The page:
Three years into its “Lean Forward” re-branding campaign, MSNBC has given new meaning to the catchphrase, leaning forward into running branded content promoting hydraulic fracturing (“fracking).
Looking to beef up its web presence, MSNBC has brought “Lean Forward” online with a new and improved website, calling it a “Platform for the Lean Forward, progressive community.” A key part of funding that platform: running “native advertisements” for America’s Natural Gas Alliance and General Electric.
“General Electric and America’s Natural Gas Alliance are the site’s launch partners,” explained an October 30 MediaPost article.
“GE, the first native ad partner for msnbc.com, will collaborate with MSNBC to deliver a content series that highlights how the ‘Industrial Internet’ and ‘Brilliant Machines Innovation’ are reshaping our world. America’s Natural Gas Alliance will be featured in sponsored polls in the ‘Speak Out’ section of the site centered on natural gas facts.”
GE, former owner of NBC, of which MSNBC is one of its many tentacles, is fully invested in the fossil fuel industry, with assets in fracking, coal, offshore drilling, tar sands, and more. ANGA is the shale gas industry’s lobbying tour de force, both at the federal and state level.
Native advertising – also referred to as “branded content” or “native content” – is quickly replacing banner ads and pop-up ads as the go-to channel of reaching consumers for advertising executives.
“Native content is a digital advertising method in which the advertiser attempts to gain attention by providing content in the context of the user’s experience, matching both the form and function of the environment in which it is placed,” explained a recent MarketingWeek article.
If banner ads and pop-up ads are “overt ads,” then native ads are best described as “covert ads,” akin to the controversial “video news releases” for TV news.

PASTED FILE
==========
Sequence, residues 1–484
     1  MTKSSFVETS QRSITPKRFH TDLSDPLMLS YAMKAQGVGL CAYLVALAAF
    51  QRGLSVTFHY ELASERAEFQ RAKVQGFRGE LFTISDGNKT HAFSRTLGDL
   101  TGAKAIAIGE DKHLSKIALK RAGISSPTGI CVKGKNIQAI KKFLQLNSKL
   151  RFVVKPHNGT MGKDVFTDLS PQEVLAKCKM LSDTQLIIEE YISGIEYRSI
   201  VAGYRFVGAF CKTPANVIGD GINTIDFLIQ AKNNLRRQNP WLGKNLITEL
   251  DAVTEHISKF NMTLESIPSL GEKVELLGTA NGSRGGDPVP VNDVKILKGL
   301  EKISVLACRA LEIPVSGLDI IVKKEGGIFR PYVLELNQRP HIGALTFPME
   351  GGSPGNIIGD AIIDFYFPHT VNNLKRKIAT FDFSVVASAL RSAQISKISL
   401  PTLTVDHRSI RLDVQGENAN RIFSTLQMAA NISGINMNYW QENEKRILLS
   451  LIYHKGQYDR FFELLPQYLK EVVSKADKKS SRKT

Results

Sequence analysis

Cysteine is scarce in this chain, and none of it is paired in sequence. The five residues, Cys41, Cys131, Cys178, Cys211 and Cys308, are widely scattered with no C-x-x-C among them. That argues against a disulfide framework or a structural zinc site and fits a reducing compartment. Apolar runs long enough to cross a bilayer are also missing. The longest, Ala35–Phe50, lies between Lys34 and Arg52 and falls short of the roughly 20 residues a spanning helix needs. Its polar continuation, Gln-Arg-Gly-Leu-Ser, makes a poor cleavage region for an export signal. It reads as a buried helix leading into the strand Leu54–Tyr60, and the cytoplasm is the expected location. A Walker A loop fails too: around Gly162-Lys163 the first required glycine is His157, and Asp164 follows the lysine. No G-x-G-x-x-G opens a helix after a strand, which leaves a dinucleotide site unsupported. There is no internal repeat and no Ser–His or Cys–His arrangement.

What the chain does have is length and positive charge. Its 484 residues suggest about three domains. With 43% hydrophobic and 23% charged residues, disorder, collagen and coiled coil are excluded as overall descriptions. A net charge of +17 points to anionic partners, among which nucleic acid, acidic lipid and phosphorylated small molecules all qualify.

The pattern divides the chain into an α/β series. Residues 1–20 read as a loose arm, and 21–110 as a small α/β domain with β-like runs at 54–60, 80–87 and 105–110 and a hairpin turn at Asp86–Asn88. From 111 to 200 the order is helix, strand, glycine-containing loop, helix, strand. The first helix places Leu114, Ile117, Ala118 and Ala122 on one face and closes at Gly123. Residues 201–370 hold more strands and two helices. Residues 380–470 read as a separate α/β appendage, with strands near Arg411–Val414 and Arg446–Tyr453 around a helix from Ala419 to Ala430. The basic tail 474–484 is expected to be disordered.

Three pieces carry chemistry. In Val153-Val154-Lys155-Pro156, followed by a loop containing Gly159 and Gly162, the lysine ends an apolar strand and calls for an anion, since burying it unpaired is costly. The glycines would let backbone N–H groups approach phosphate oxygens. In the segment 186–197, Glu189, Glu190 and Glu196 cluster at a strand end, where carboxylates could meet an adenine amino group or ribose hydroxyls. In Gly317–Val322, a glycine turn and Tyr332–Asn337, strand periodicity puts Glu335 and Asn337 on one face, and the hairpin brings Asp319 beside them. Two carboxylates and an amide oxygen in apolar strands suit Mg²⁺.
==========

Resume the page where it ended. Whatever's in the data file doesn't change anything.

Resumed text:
“The tricky bit is to not get too focused on traditional marketing and advertising, to integrate the story so that it feels seamless. There has to be a narrative. It can’t just be putting advertising into the editorial mix because then it feels incongruous,” Matt Elek, Managing Director for VICE Magazine said in a recent interview with MarketingWeek.
“The point of native advertising is that it has to be content because if you end up in someone’s newsfeed and you’re advertising, then it can have the reverse effect of what’s intended, they’ll feel tricked into having blatant advertising messages merged in.”
Federal Trade Commission Hearing on Native Ads
It’s the “feels seamless” part of the native ads experience that has garnered the attention of the Federal Trade Commission (FTC).
“[T]he blurring line between editorial and advertising — native ads’ secret sauce — has raised concerns that consumers are being duped. That in turn has caught the eye of the U.S. government,” wrote Ad Age.
On December 4, the FTC will host its first ever workshop on native ads.
“Increasingly, advertisements that more closely resemble the content in which they are embedded are replacing banner advertisements – graphical images that typically are rectangular in shape – on publishers’ websites and mobile applications,” says an FTC press release announcing the workshop.